When it was financially feasible I used to travel to my home country regularly, and on my journey back I used to bring some dried medicinal plants and even dried wild vegetables, but since the new borders policy changed I have been unable to travel regularly to my home country; it is very costly now, thus I have abandoned the use of these plants”.
The analysis of this procurement strategy and its recent changes, therefore, suggests a progressive weakening of the tie that binds refugees with their motherland, which proceeds hand in hand with a greater reliance on the resources present in the new location, especially in local Pakistani markets. This phenomenon has a further impact on the process of transformation and erosion of the LEK of the refugees.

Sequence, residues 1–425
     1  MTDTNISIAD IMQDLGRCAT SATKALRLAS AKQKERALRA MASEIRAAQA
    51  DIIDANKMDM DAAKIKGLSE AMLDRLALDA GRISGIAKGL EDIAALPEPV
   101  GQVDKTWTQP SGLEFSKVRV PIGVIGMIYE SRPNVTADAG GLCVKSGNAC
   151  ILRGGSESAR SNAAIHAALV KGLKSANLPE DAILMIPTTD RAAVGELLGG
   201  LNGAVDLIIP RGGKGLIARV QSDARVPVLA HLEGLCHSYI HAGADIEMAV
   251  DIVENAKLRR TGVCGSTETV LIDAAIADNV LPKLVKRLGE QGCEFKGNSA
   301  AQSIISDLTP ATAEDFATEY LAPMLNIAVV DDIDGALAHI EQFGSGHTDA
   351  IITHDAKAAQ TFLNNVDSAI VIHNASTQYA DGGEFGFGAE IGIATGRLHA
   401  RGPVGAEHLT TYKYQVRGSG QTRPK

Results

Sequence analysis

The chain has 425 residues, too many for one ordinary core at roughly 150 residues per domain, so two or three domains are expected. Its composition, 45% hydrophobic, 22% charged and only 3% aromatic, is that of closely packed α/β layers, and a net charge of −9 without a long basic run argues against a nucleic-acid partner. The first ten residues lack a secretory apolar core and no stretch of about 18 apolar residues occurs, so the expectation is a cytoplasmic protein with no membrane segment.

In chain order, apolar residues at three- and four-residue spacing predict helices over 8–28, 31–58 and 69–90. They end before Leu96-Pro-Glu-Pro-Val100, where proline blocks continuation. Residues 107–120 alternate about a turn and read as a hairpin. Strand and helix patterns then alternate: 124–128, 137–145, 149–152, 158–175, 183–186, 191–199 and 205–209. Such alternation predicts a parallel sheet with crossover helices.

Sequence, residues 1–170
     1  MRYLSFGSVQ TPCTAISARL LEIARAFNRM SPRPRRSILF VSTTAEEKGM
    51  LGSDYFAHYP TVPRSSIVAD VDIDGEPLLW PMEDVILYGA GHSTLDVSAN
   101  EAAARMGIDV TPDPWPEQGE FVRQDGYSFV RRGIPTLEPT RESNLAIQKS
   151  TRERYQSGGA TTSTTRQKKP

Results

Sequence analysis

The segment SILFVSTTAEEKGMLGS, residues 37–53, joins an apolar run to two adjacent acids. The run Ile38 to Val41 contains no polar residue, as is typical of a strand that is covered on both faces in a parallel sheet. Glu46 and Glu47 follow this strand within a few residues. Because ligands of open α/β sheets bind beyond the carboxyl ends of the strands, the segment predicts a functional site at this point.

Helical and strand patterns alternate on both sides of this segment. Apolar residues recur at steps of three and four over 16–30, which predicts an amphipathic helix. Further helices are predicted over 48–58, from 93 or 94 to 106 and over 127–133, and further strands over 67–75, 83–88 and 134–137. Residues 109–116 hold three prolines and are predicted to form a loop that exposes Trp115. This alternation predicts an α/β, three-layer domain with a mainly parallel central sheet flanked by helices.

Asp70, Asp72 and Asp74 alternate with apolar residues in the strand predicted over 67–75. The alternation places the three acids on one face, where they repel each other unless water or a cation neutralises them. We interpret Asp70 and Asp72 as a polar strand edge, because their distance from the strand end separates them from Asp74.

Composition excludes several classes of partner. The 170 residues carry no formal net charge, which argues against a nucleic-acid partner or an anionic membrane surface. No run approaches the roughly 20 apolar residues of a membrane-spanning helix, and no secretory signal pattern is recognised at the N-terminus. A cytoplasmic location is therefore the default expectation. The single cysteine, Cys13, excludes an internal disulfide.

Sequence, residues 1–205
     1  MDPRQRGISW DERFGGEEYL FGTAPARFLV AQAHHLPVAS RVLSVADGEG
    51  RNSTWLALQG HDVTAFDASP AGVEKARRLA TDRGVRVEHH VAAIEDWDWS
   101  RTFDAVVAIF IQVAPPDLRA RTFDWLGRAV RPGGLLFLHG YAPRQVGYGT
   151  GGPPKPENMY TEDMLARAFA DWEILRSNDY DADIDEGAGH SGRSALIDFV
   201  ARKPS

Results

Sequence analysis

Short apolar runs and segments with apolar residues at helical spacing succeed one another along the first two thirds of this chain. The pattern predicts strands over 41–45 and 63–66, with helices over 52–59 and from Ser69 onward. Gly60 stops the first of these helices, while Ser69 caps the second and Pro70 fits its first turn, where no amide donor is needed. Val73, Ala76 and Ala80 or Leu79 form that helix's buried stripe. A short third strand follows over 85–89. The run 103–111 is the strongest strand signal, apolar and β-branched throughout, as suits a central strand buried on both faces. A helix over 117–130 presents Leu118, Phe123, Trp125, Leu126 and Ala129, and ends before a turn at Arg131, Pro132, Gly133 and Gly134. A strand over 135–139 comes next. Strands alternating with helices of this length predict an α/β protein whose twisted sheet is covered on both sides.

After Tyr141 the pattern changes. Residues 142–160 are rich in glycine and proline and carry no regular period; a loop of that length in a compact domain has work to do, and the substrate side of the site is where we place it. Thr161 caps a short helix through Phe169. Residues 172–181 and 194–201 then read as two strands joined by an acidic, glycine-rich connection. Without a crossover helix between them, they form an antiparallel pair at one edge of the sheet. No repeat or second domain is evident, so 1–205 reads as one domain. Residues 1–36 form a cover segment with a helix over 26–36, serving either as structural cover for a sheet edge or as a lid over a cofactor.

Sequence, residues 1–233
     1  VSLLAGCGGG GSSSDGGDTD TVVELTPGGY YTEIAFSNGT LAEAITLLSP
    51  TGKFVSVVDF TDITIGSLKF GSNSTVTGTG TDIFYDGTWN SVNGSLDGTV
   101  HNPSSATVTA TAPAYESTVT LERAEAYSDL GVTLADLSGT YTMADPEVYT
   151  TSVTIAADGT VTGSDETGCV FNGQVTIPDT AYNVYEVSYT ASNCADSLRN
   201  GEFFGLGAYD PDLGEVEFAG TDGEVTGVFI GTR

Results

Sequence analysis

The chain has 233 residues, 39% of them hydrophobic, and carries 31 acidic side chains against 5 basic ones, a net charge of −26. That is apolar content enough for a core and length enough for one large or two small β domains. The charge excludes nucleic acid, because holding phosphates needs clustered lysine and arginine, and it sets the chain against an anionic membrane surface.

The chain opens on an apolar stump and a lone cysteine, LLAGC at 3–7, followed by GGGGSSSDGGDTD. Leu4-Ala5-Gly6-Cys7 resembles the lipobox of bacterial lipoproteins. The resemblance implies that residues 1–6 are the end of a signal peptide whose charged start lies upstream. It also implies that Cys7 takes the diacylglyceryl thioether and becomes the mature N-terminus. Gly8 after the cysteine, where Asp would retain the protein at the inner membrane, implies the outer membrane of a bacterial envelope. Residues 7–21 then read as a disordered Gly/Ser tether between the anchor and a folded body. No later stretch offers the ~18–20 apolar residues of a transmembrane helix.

The majority of the study participants interviewed shared very little information about the use of herbal and other domestic ingredients for treating domestic animals. The most commonly quoted herbal teas still used by the study participants included Trachyspermum, Glycyrrhiza, Paeonia spp., and an unidentified lichen. The majority of the veterinary plants and other domestic remedies were quoted by less than one-third of the informants, mainly pastoralist Kochis, thus suggesting that this kind of biocultural heritage is seriously threatened. One possible reason for the loss of traditional knowledge regarding the use of natural remedies to treat domesticated animals may be that most diasporic Afghans—apart from Kochis—keep very few animals at home.

3.4. Socioeconomic Factors Influencing the LEK of Refugees